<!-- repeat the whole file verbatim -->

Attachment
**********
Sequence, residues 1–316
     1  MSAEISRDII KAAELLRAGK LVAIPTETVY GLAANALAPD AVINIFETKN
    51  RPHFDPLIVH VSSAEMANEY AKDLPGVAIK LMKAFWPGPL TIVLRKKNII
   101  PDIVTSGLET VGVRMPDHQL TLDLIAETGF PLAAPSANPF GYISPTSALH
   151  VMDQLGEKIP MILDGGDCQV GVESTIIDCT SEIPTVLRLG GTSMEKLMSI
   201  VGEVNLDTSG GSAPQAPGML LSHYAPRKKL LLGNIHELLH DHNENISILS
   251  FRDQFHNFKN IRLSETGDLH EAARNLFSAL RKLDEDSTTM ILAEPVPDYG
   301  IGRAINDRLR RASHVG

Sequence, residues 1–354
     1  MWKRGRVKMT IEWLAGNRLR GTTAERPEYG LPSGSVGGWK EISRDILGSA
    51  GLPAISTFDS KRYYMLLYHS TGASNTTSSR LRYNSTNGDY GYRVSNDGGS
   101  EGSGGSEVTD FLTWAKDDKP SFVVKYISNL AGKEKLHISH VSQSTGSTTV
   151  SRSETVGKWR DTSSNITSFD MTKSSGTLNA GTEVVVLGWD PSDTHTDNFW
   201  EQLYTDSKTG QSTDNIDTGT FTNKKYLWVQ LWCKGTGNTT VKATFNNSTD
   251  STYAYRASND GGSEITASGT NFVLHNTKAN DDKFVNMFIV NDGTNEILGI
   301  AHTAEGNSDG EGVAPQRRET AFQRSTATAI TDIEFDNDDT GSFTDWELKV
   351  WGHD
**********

Sequence, residues 1–316
     1  MSAEISRDII KAAELLRAGK LVAIPTETVY GLAANALAPD AVINIFETKN
    51  RPHFDPLIVH VSSAEMANEY AKDLPGVAIK LMKAFWPGPL TIVLRKKNII
   101  PDIVTSGLET VGVRMPDHQL TLDLIAETGF PLAAPSANPF GYISPTSALH
   151  VMDQLGEKIP MILDGGDCQV GVESTIIDCT SEIPTVLRLG GTSMEKLMSI
   201  VGEVNLDTSG GSAPQAPGML LSHYAPRKKL LLGNIHELLH DHNENISILS
   251  FRDQFHNFKN IRLSETGDLH EAARNLFSAL RKLDEDSTTM ILAEPVPDYG
   301  IGRAINDRLR RASHVG

Sequence, residues 1–354
     1  MWKRGRVKMT IEWLAGNRLR GTTAERPEYG LPSGSVGGWK EISRDILGSA
    51  GLPAISTFDS KRYYMLLYHS TGASNTTSSR LRYNSTNGDY GYRVSNDGGS
   101  EGSGGSEVTD FLTWAKDDKP SFVVKYISNL AGKEKLHISH VSQSTGSTTV
   151  SRSETVGKWR DTSSNITSFD MTKSSGTLNA GTEVVVLGWD PSDTHTDNFW
   201  EQLYTDSKTG QSTDNIDTGT FTNKKYLWVQ LWCKGTGNTT VKATFNNSTD
   251  STYAYRASND GGSEITASGT NFVLHNTKAN DDKFVNMFIV NDGTNEILGI
   301  AHTAEGNSDG EGVAPQRRET AFQRSTATAI TDIEFDNDDT GSFTDWELKV
   351  WGHD